In defence of the realm

Once were warriorsDefence personnel cuts announced yesterday are no surprise. It’s just a pity that the $25 million saved can’t be put to use in restoring our defence forces to a modest level of credibility.

This is no criticism of our servicemen and women. As they’ve shown time and again over many years that they’re as good as it gets. The problem is that their numbers are pathetic and their major equipment disgracefully inadequate.

Why weren’t our politicians (on both sides of the house) as careful with our money when they opened the chequebook to the finance companies with a breathtakingly incompetent absence of no-brainer basic conditions which have cost Ewen Mee a couple of billion?

Remember when we had allies?

I do — I joined the Royal New Zealand Navy in 1958. Support vessels and coastal patrol craft aside, the RNZN fighting fleet comprised these actual warships:

  • 1 Dido class light cruiser plus 1 in reserve.
  • 4 Loch class frigates plus 2 in reserve and 2 Rothesay class building.
  • 2 minesweepers (used as corvettes) plus 2 in reserve.

We could hold our heads up in comparison with those allies committed to watching our backs. Since then it’s been downhill all the way. We now have:

  • 2 Anzac class frigates.

Much of the time, one of those frigates is in refit. One frigate versus one hunter-killer submarine—goodbye frigate.

We can spend up large on unemployment benefits (has all the work been done?), solo parent support (how many of those babies have only one parent?), and tummy-tuck operations, but we’re too far in hock to meet our real-world obligations. I wonder how our “allies” feel about that.

We can pay accident compensation to a prisoner who injures himself while escaping from prison but we can’t even meet a half of our promised foreign aid contribution of a paltry 0.7% of GDP.

Air inferiority

In the year I joined the navy my contemporaries in the air force were flying de Havilland Vampire jet fighters and English Electric Canberra fighter bombers. I don’t know how many were operational at that time but we owned or borrowed 63 Vampires and 31 Canberras.

Now we have no fixed wing combat aircraft.

Zero. Zilch. Nada.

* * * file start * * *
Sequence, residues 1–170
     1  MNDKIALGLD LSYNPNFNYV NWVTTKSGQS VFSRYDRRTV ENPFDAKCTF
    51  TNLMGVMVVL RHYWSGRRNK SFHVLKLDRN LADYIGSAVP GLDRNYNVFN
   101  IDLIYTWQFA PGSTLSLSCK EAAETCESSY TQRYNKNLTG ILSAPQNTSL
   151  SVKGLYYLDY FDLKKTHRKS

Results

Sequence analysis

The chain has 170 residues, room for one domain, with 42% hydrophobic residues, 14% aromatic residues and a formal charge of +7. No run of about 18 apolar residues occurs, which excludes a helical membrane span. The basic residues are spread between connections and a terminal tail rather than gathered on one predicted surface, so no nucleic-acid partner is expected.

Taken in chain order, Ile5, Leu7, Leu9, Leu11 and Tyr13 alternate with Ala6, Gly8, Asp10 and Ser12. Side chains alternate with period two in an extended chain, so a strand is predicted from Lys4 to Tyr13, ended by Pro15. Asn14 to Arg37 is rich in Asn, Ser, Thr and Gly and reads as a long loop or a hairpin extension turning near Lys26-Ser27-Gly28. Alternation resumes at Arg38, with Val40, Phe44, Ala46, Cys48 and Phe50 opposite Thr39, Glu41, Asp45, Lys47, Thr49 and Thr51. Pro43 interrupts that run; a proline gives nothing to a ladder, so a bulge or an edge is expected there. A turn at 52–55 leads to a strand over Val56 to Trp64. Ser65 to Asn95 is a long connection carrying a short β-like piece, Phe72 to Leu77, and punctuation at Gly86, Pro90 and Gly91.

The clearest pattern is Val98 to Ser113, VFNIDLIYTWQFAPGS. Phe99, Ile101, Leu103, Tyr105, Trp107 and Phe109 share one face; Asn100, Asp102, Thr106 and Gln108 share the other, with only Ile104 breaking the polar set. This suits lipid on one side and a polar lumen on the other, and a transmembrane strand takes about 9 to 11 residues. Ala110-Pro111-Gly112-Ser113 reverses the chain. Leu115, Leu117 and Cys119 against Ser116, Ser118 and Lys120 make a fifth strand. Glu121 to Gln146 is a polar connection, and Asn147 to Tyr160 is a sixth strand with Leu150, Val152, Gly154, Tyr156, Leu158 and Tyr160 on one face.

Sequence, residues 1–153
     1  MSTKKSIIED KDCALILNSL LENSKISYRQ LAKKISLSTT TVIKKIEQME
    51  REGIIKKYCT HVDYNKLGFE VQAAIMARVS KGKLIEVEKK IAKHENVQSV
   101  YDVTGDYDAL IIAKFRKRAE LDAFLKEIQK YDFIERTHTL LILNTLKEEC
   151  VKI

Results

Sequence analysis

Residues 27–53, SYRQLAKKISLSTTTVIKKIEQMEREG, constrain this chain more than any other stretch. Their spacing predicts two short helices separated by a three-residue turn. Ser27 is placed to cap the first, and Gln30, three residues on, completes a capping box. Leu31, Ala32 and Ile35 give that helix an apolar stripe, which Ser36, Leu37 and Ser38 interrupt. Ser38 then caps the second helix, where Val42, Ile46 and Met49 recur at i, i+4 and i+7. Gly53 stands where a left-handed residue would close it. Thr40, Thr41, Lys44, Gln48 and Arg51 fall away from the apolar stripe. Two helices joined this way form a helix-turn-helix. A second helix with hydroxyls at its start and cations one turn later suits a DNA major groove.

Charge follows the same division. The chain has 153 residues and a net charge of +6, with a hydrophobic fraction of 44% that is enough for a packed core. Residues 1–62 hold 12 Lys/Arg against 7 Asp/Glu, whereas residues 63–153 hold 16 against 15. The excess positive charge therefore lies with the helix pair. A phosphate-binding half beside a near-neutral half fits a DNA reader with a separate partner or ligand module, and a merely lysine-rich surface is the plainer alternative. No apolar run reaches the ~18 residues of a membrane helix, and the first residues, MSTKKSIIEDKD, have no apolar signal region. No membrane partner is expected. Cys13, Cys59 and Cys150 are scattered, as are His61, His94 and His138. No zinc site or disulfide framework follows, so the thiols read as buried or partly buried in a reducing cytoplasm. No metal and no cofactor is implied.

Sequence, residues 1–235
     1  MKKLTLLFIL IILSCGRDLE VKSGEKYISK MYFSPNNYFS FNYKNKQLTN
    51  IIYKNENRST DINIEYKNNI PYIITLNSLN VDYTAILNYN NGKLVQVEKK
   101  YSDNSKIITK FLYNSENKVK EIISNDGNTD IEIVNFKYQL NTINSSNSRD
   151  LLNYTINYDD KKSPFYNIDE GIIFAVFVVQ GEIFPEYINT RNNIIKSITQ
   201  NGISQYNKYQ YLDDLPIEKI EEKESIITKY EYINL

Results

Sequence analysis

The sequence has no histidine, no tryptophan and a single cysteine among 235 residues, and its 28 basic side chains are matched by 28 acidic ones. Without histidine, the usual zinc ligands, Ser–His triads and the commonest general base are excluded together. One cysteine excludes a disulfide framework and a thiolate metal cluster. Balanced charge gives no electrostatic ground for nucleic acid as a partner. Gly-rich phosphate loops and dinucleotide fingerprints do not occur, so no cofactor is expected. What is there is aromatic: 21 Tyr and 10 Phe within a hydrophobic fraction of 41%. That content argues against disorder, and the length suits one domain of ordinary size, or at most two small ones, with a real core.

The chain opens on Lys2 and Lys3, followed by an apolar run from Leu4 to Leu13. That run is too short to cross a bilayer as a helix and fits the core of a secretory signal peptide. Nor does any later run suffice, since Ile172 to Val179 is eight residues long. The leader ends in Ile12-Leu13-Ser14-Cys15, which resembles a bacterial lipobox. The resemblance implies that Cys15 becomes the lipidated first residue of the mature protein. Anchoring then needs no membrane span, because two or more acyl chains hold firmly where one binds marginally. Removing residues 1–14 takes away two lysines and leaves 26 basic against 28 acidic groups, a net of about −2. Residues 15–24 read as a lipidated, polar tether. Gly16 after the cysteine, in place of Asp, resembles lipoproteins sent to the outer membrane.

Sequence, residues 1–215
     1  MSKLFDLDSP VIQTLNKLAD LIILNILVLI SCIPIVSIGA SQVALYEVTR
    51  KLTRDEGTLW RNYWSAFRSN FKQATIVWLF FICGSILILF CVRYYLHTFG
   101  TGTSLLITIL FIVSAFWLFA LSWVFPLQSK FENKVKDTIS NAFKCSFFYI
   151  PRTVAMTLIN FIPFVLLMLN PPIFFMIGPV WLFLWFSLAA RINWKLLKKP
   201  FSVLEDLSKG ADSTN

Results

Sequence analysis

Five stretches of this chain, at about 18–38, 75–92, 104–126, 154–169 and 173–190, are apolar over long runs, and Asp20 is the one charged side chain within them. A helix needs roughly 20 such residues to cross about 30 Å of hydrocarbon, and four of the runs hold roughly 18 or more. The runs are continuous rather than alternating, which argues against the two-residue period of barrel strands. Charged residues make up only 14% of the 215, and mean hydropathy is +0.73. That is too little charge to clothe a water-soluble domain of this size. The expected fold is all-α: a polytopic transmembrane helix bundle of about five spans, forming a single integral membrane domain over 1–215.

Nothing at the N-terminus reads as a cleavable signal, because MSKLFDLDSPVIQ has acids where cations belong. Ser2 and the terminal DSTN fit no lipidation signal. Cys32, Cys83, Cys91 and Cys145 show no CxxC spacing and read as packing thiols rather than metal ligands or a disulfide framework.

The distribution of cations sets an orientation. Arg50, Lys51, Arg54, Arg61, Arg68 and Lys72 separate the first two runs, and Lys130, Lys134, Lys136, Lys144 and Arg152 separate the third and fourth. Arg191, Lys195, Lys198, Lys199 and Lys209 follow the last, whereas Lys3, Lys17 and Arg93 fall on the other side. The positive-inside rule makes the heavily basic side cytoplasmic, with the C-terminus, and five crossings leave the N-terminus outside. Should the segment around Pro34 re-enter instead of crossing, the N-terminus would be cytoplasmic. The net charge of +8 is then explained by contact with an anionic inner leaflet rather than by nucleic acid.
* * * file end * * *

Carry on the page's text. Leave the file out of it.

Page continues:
We’re a maritime nation, seriously dependent on trade, shipping is our lifeline. We have no effective means of defending our shipping lanes, let alone keeping out tens of millions of Asian refugees who’ll be looking for a home when the major coastal cities of India, Bangladesh, and the South East Asian river deltas submerge and when the Himalayan snow loss results in the Ganges, the Mekong, the Yellow River and all the other great Asian life sustaining rivers drying up annually.

How enthusiastic will the Aussies and the Yanks be when we beg for help after we’ve spent decades—generations even—abusing their good will?

They may now be milking our milkers, but we started the milking.

Once were warriors indeed.

One thought on “In defence of the realm

  1. The P17 is sadly a dated design by today’s stnddaras. It’s radars and avionics(Fregat, Ajanta EW suite) are of 80s vintage, its stealth features(no composite superstructure or modular masts) are 90s level and its propulsion system is highly ineffiecient(2 diesels + 2 gas turbine engines when similar Western frigates can make do with 2 diesels + 1 turbine in an electric propulsion system). And so on…I believe the best approach to follow for the future would be to do what Australia did: Assign a reputed Western shipbuilder to come up with a cutting-edge design and build a batch of three frigates in EVERY MAJOR SHIPYARD in India including private ones like L & T, Pipavav and Bharti. That way even if delivery is delayed we’ll end up with a sufficeint number of modern vessels in the end.

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